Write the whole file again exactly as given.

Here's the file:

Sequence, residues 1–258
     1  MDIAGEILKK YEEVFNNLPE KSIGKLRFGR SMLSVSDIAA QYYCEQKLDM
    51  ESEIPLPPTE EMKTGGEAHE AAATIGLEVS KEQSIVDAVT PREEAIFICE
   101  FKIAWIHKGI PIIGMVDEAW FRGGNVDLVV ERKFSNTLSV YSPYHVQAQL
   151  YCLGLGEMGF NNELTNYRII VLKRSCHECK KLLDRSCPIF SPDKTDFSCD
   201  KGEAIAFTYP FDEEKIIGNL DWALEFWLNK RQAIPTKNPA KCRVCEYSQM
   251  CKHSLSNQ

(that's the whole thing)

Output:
Sequence, residues 1–258
     1  MDIAGEILKK YEEVFNNLPE KSIGKLRFGR SMLSVSDIAA QYYCEQKLDM
    51  ESEIPLPPTE EMKTGGEAHE AAATIGLEVS KEQSIVDAVT PREEAIFICE
   101  FKIAWIHKGI PIIGMVDEAW FRGGNVDLVV ERKFSNTLSV YSPYHVQAQL
   151  YCLGLGEMGF NNELTNYRII VLKRSCHECK KLLDRSCPIF SPDKTDFSCD
   201  KGEAIAFTYP FDEEKIIGNL DWALEFWLNK RQAIPTKNPA KCRVCEYSQM
   251  CKHSLSNQ